Stop the ALPs becoming Plastic Mountains, Italy: The aim of the ALP project is to safeguard high alpine habitat, by working with mountain huts to eliminate single-use plastic items and develop procedures which can then be shared and implemented with other huts.  The project will organise 15 clean-up events to clear 150km of trail and mountain habitat and educate alpine guides, park staff, local schools, and the tourism sector.

Clear the Bay by Day, Morecambe Bay Partnership, UK: Morecambe Bay is the largest intertidal area in the UK, and a national biodiversity hotspot, but an epidemic of personal protective equipment is adding to an ever increasing amount of plastic pollution. The project will work with sporting groups to eliminate single use waste from events and carry out 42 clean ups along 210km of beach, cycleway and trail, involving local groups, visitors, and organisations.

Dos Manos, Save the Med Foundation, Spain: The Balearic Islands are a popular tourist destination and a hotspot for marine biodiversity in the Mediterranean, which is increasingly affected by plastic pollution either through ingestion or entanglement. This project will organise 527km of land and sea clean-ups involving tourists, volunteers, outdoor companies and schools. Workshops will help highlight solutions to plastic pollution issues.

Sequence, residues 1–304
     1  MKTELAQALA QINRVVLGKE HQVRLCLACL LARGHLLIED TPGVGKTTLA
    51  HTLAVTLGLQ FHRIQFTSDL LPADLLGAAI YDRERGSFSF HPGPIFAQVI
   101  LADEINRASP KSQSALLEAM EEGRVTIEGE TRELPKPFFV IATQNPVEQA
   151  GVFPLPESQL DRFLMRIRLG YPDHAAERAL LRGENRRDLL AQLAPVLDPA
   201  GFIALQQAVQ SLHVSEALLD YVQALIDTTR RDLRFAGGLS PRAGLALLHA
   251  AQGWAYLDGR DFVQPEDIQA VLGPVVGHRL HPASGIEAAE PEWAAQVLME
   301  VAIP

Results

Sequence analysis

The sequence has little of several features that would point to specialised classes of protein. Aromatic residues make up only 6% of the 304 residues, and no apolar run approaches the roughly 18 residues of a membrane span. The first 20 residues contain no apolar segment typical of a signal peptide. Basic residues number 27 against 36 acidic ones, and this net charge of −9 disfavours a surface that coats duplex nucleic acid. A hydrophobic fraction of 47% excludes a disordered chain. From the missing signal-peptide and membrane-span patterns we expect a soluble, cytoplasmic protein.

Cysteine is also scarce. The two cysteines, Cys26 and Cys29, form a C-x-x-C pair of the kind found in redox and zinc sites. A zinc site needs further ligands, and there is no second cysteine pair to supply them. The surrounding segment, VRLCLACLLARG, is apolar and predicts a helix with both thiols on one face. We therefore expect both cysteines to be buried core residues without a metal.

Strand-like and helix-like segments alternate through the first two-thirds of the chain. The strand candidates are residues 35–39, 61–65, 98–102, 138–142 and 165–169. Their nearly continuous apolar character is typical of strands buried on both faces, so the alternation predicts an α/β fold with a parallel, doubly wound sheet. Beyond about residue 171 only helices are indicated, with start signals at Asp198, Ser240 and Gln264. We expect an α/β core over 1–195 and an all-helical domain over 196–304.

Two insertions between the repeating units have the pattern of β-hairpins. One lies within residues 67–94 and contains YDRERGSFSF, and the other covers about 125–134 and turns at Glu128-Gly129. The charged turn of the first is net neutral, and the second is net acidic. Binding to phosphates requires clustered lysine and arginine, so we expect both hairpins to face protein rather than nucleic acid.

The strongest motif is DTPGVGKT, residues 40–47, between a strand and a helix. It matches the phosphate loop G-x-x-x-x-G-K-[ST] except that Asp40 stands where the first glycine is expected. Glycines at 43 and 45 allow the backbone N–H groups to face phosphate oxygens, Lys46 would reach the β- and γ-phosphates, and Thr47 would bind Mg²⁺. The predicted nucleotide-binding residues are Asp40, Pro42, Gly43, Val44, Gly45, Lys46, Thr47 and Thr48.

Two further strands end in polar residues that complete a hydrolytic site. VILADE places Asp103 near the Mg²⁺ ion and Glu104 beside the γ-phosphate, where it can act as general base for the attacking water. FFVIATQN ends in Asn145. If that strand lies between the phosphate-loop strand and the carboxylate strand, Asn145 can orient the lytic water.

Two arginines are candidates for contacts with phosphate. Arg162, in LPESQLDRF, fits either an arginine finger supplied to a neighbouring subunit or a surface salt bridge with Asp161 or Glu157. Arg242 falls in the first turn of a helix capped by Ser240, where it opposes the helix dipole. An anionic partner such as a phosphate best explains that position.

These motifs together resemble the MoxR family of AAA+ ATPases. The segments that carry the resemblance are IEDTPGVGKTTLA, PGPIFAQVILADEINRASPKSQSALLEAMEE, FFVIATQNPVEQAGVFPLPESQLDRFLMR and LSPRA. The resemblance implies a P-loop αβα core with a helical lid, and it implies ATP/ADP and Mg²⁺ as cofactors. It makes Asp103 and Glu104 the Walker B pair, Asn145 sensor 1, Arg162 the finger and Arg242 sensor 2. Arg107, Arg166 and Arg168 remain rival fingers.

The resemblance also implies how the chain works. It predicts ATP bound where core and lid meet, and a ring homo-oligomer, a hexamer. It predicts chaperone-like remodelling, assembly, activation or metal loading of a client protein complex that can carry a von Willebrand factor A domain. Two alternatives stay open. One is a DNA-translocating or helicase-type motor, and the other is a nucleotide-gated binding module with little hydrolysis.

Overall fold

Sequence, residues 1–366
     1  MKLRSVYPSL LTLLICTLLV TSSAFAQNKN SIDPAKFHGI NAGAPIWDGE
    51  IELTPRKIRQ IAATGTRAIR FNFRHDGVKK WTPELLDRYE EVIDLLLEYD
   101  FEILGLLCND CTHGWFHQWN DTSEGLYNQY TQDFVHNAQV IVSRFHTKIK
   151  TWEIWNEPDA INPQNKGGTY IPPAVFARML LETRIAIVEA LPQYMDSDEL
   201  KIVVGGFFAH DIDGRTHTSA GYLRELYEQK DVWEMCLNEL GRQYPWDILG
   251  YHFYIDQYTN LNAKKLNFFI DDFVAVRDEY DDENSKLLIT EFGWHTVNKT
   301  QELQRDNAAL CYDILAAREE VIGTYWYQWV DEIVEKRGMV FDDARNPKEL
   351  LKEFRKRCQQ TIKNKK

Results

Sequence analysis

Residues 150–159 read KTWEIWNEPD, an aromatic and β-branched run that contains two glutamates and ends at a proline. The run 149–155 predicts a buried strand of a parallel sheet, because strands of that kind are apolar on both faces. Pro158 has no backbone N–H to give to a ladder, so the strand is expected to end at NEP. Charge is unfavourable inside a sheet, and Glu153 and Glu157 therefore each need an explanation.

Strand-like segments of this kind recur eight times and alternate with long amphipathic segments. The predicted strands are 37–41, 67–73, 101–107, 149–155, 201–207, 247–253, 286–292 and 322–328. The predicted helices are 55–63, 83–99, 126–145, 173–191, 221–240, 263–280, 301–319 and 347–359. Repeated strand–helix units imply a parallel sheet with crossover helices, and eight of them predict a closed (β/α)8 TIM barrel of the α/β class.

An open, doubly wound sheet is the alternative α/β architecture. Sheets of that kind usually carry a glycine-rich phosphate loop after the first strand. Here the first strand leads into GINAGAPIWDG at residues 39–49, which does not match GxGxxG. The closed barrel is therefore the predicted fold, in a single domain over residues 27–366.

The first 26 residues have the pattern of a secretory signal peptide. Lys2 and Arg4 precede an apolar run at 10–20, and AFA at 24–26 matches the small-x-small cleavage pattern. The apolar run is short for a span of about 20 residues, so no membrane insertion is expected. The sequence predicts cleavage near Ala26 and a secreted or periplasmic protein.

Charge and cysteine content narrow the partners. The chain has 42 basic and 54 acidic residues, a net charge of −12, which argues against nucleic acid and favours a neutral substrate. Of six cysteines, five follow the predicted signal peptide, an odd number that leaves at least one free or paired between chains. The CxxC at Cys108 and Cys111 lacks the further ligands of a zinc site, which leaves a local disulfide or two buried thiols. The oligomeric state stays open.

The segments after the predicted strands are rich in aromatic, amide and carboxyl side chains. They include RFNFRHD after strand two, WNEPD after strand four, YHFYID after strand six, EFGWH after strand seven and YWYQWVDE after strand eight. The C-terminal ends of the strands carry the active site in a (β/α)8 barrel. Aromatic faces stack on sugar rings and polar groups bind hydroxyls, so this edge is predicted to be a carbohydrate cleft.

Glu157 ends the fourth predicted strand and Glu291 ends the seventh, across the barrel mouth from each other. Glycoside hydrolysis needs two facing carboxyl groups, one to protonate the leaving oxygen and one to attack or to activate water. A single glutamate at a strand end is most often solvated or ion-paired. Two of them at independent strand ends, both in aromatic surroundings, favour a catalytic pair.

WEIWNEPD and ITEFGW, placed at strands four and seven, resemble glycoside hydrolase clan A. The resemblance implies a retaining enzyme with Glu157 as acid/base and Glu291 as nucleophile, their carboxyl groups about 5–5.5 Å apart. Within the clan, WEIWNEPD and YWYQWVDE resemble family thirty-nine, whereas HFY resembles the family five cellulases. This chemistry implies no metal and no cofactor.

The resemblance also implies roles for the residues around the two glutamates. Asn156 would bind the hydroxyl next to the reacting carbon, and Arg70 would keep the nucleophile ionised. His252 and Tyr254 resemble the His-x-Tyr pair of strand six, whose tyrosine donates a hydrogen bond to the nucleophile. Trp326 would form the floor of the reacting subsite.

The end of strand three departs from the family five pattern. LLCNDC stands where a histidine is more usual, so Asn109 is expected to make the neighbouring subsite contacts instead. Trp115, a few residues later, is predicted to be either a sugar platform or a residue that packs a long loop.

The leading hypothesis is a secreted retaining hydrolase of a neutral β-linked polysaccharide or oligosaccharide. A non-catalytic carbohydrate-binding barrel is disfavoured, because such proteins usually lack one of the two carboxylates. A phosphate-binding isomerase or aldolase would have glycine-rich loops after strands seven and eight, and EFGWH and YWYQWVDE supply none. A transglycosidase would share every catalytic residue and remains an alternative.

The result of FAD lines in the ocean
The result of FAD lines in the ocean

Working in collaboration with The North Face, EOCA has also helped find three projects for the company to support through The North Face Explore Fund, which successfully launched in Europe last year.  The 2020 projects, chosen by representatives from TNF offices in the UK, Germany and Italy are as follows:
Purposeful Adventures, Trash Free Trails, UK: will run 100 clean-up events over 1000km for riders, runners and hikers, involving over 4,000 people during Autumn Litter Watch and Spring Tour de Trash campaigns.
Explore with Purpose, Planet Patrol, Germany: combines 18 litter picking events with water-based adventure activities along rivers and watercourses, encouraging people to get active, whilst simultaneously protecting nature from the harmful effects of litter.